For those not backers, but interested in what’s happening, I did a project update this morning:
I’m starting to spool up on the project (I expect to actually be funded this week — there’s a two-week delay after the close). Leonard David has a report today that the “Affordable Mars Strategy” report has been published and is available for free download [note: I haven’t actually been able to find the download — all I could find at Leonard’s link was Scott Hubbard’s op-ed — but I think I have the report]. I’ve also been in communication with the authors (specifically, John Baker and Nathan Strange at JPL), and received a lot of material from them last week (some of which may be redundant with the report). I’m planning a trip to Denver next week to (among other things) talk to folks at ULA about integrated vehicle fluids and propellant depots.
The JPL work will provide a foundation for my own analysis, and I’ll probably be discussing it with them. While I think they have a good solution for what they perceive to be their problem, I have fundamentally different top-level requirements.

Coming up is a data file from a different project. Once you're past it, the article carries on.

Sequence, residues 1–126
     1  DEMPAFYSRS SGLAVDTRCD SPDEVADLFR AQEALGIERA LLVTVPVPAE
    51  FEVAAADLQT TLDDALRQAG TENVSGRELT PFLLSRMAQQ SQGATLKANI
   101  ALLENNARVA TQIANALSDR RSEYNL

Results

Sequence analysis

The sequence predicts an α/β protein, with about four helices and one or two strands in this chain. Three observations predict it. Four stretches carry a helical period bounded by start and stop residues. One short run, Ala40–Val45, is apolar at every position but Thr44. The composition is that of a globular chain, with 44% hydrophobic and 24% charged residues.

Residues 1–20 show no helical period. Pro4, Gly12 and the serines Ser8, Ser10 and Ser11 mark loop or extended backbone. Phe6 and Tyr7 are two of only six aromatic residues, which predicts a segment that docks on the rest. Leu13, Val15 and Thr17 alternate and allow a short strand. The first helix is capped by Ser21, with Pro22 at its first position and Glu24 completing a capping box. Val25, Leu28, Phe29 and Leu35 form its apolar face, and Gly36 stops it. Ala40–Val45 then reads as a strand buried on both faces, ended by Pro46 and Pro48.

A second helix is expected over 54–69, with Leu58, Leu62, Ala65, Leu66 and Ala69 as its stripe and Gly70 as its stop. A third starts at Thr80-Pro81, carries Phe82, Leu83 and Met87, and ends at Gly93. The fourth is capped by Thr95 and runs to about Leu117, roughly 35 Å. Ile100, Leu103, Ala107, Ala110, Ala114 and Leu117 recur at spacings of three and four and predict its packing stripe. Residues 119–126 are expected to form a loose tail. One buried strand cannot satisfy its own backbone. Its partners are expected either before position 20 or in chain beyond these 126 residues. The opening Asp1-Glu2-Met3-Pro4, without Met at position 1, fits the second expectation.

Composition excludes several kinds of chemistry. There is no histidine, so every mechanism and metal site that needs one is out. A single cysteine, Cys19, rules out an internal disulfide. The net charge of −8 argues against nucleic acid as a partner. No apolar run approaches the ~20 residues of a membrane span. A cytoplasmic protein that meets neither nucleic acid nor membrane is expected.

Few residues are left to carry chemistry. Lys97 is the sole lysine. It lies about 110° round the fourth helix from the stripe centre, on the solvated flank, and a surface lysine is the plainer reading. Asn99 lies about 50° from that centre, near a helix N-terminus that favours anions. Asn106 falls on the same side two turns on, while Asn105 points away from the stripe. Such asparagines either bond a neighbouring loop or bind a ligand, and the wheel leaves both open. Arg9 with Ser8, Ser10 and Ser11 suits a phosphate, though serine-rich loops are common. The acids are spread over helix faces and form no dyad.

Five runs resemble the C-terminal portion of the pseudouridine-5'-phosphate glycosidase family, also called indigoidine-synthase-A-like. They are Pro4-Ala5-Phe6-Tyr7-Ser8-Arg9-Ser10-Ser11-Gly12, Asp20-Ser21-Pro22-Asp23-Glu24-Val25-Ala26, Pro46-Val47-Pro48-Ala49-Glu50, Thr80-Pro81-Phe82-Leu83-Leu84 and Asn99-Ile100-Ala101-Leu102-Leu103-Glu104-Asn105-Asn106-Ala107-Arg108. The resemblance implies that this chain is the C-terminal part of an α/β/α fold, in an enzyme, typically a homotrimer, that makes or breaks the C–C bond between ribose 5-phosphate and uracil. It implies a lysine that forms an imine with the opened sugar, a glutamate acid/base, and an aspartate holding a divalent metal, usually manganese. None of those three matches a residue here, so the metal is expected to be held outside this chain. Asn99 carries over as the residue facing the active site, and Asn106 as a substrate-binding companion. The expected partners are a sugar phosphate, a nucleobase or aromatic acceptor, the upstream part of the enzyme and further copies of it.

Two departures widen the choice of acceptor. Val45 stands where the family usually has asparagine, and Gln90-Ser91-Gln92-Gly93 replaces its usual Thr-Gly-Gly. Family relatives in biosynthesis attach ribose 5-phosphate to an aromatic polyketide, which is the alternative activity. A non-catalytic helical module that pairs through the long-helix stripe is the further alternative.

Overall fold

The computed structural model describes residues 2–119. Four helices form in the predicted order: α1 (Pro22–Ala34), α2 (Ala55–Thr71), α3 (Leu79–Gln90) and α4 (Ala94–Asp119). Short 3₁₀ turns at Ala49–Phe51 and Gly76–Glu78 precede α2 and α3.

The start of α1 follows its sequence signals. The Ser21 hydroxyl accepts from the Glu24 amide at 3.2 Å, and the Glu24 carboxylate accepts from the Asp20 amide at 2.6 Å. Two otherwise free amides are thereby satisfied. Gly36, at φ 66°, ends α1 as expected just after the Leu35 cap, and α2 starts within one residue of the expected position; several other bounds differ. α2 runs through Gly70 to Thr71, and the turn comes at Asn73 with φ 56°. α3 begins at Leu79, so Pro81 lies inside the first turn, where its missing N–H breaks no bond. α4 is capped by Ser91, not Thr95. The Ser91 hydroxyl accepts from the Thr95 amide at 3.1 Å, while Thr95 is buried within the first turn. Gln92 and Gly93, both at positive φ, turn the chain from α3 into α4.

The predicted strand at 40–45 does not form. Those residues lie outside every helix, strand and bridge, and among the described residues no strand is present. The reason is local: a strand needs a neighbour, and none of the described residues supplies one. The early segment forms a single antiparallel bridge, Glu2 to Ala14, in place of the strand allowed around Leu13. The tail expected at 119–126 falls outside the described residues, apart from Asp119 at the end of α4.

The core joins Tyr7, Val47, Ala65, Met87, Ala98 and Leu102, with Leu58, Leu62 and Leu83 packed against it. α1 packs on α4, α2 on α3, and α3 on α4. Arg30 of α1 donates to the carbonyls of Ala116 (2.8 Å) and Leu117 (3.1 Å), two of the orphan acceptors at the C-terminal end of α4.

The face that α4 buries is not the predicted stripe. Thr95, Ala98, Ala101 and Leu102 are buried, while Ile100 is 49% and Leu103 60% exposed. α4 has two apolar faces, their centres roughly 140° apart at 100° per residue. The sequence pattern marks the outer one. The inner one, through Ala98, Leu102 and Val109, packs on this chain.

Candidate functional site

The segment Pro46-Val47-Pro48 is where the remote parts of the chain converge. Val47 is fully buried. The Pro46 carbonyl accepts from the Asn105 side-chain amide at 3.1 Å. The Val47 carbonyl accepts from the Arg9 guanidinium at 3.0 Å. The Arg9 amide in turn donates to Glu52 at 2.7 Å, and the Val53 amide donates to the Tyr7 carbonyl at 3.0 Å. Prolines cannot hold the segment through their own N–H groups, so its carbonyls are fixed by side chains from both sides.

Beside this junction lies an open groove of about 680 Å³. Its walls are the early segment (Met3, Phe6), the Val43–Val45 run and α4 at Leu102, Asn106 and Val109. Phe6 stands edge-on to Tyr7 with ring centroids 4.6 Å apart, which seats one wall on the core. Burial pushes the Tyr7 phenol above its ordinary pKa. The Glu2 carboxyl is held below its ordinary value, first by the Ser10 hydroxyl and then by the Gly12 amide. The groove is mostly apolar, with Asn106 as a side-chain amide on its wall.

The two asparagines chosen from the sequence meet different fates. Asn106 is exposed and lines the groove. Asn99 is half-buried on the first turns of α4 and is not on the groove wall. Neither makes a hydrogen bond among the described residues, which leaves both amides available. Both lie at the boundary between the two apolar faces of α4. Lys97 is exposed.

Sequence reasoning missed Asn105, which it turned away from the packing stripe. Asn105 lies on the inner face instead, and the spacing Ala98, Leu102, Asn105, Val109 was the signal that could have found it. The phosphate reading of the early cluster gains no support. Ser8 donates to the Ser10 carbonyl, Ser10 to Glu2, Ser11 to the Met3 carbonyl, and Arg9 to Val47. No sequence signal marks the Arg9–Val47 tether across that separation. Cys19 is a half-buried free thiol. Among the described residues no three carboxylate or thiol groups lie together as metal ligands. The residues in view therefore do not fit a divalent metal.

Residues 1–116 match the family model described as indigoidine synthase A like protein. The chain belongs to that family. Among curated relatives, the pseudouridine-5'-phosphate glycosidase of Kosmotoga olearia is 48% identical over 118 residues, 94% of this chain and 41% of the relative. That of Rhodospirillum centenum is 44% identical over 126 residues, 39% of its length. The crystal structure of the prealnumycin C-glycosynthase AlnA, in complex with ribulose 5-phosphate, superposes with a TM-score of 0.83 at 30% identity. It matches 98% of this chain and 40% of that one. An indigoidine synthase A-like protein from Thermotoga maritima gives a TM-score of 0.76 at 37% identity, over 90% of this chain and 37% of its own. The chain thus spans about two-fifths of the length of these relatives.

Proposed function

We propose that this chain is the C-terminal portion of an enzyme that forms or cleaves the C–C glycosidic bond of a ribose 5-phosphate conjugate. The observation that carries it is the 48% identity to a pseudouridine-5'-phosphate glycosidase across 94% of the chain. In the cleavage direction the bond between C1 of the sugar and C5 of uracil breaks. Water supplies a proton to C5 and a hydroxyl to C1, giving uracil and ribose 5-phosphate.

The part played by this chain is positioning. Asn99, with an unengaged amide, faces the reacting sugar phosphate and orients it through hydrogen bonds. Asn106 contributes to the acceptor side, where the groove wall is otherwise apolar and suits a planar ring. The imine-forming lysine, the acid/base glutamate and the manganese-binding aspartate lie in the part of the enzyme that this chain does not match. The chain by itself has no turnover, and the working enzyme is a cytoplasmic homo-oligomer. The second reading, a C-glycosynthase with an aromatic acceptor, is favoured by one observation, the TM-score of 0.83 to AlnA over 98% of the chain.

I would characterize their approach as “Apollo to Mars”: A destination, a date, civil-servant boots on the ground, with a giant government-owned-and-operated rocket, except (unlike Apollo) it is budget constrained. I don’t think that will be any more economically and politically sustainable than Apollo was. I also think, bluntly, as a taxpayer and space enthusiast, that it would not be worth the money.
My approach is to get NASA completely out of the earth-to-orbit business, and to take the savings to develop the technology needed to build a scalable in-space reusable, resilient, affordable transportation architecture, that will enable not simply NASA, but anyone else who wants to, to go to the Red Planet.
And not just to Mars.